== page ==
My India


Introduction ::INDIA

Background

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The Indus Valley civilization, one of the world’s oldest, flourished during the 3rd and 2nd millennia B.C. and extended into northwestern India. Aryan tribes from the northwest infiltrated onto the Indian subcontinent about 1500 B.C.; their merger with the earlier Dravidian inhabitants created the classical Indian culture. The Maurya Empire of the 4th and 3rd centuries B.C. – which reached its zenith under ASHOKA – united much of South Asia. The Golden Age ushered in by the Gupta dynasty (4th to 6th centuries A.D.) saw a flowering of Indian science, art, and culture. Islam spread across the subcontinent over a period of 700 years. In the 10th and 11th centuries, Turks and Afghans invaded India and established the Delhi Sultanate. In the early 16th century, the Emperor BABUR established the Mughal Dynasty which ruled India for more than three centuries. European explorers began establishing footholds in India during the 16th century. By the 19th century, Great Britain had become the dominant political power on the subcontinent. The British Indian Army played a vital role in both World Wars. Nonviolent resistance to British rule, led by Mohandas GANDHI and Jawaharlal NEHRU, eventually brought about independence in 1947. Communal violence led to the subcontinent’s bloody partition, which resulted in the creation of two separate states, India and Pakistan. The two countries have fought three wars since independence, the last of which in 1971 resulted in East Pakistan becoming the separate nation of Bangladesh. India’s nuclear weapons tests in 1998 caused Pakistan to conduct its own tests that same year. In November 2008, terrorists allegedly originating from Pakistan conducted a series of coordinated attacks in Mumbai, India’s financial capital. Despite pressing problems such as significant overpopulation, environmental degradation, extensive poverty, and widespread corruption, rapid economic development is fueling India’s rise on the world stage. In January 2011, India assumed a nonpermanent seat in the UN Security Council for the 2011-12 term.

 Geography

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Southern Asia, bordering the Arabian Sea and the Bay of Bengal, between Burma and Pakistan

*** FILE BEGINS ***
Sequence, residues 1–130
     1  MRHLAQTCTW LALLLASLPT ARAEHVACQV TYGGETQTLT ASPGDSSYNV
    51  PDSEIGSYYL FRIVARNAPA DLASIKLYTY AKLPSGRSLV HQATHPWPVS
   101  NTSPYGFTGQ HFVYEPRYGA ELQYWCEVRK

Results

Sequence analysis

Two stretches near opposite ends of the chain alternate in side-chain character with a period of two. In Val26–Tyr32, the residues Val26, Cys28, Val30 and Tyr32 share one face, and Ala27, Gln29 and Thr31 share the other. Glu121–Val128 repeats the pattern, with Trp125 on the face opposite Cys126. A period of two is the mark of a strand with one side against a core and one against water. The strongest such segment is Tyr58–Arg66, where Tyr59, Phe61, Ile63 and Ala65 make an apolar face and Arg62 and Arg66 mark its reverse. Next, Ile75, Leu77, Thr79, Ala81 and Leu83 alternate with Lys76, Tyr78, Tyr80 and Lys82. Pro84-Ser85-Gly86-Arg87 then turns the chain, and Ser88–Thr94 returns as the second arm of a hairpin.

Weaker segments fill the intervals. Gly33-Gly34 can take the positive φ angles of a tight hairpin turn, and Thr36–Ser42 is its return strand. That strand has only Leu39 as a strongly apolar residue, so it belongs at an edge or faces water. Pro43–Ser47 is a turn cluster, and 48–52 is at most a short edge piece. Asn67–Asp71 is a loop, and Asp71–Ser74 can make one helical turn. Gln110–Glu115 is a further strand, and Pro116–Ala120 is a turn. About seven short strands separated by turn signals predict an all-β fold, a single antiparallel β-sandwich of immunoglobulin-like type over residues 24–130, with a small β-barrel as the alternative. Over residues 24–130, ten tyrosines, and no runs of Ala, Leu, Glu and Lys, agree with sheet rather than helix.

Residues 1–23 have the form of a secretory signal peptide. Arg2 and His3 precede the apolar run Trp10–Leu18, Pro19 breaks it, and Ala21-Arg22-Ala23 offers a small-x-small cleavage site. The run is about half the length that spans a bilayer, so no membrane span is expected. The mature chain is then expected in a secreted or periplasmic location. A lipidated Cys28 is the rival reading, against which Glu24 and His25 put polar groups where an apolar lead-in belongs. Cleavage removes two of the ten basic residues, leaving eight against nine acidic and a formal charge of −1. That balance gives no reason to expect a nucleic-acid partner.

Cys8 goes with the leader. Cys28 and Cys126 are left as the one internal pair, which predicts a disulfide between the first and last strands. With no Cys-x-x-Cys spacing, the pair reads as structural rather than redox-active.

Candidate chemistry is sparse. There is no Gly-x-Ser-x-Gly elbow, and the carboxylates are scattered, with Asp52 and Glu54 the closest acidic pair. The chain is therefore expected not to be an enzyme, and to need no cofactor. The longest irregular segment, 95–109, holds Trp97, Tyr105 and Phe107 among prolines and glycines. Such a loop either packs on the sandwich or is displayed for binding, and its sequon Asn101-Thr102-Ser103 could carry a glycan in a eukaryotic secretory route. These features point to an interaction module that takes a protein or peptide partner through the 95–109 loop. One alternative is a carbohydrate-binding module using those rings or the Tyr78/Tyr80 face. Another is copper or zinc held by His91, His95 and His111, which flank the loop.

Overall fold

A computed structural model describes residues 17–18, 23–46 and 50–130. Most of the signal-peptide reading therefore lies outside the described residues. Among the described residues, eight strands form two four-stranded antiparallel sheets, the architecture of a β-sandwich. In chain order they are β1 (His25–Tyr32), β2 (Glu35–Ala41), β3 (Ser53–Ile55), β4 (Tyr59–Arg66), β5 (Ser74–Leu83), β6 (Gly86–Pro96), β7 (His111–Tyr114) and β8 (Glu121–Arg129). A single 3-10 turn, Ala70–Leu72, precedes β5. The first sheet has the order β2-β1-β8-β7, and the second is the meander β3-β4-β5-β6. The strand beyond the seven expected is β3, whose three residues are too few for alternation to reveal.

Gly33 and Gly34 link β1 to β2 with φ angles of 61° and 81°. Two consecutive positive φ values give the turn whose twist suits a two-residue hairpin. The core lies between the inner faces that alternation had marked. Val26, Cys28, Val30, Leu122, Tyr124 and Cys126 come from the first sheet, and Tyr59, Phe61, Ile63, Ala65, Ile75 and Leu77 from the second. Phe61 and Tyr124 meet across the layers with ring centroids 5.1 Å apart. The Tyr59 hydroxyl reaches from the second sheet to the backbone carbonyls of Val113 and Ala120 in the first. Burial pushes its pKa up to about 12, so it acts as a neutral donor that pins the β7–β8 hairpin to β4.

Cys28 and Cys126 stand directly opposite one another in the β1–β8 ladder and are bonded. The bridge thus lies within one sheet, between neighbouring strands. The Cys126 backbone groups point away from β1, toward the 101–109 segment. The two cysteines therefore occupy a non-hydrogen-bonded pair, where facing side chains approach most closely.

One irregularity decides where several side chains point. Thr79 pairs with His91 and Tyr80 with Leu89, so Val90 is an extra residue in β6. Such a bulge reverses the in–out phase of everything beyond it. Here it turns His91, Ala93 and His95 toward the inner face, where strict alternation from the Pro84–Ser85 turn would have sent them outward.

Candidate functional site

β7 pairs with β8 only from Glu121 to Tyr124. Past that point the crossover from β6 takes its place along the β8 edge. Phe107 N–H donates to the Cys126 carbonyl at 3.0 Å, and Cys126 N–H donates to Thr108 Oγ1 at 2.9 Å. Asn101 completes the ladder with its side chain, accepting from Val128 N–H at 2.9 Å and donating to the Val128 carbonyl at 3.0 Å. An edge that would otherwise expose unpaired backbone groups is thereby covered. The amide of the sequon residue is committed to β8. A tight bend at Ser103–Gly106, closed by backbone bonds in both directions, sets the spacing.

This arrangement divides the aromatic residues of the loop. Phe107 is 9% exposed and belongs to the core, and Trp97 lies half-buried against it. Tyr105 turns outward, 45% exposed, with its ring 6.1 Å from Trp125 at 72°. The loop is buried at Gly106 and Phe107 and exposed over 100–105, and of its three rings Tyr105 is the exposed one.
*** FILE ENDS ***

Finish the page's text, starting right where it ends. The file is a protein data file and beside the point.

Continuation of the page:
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20 00 N, 77 00 E
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total: 3,287,263 sq km

country comparison to the world: 7

land: 2,973,193 sq km
water: 314,070 sq km
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slightly more than one-third the size of the US
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total: 14,103 km
border countries: Bangladesh 4,053 km, Bhutan 605 km, Burma 1,463 km, China 3,380 km, Nepal 1,690 km, Pakistan 2,912 km
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7,000 km
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territorial sea: 12 nm
contiguous zone: 24 nm
exclusive economic zone: 200 nm
continental shelf: 200 nm or to the edge of the continental margin
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varies from tropical monsoon in south to temperate in north
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upland plain (Deccan Plateau) in south, flat to rolling plain along the Ganges, deserts in west, Himalayas in north
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lowest point: Indian Ocean 0 m
highest point: Kanchenjunga 8,598 m
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coal (fourth-largest reserves in the world), iron ore, manganese, mica, bauxite, rare earth elements, titanium ore, chromite, natural gas, diamonds, petroleum, limestone, arable land
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arable land: 48.83%
permanent crops: 2.8%
other: 48.37% (2005)
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558,080 sq km (2003)
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1,907.8 cu km (1999)
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total: 645.84 cu km/yr (8%/5%/86%)
per capita: 585 cu m/yr (2000)
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droughts; flash floods, as well as widespread and destructive flooding from monsoonal rains; severe thunderstorms; earthquakes
volcanism: Barren Island (elev. 354 m) in the Andaman Sea has been active in recent years
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deforestation; soil erosion; overgrazing; desertification; air pollution from industrial effluents and vehicle emissions; water pollution from raw sewage and runoff of agricultural pesticides; tap water is not potable throughout the country; huge and growing population is overstraining natural resources
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party to: Antarctic-Environmental Protocol, Antarctic-Marine Living Resources, Antarctic Treaty, Biodiversity, Climate Change, Climate Change-Kyoto Protocol, Desertification, Endangered Species, Environmental Modification, Hazardous Wastes, Law of the Sea, Ozone Layer Protection, Ship Pollution, Tropical Timber 83, Tropical Timber 94, Wetlands, Whaling
signed, but not ratified: none of the selected agreements
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dominates South Asian subcontinent; near important Indian Ocean trade routes; Kanchenjunga, third tallest mountain in the world, lies on the border with Nepal

4 thoughts on “My India

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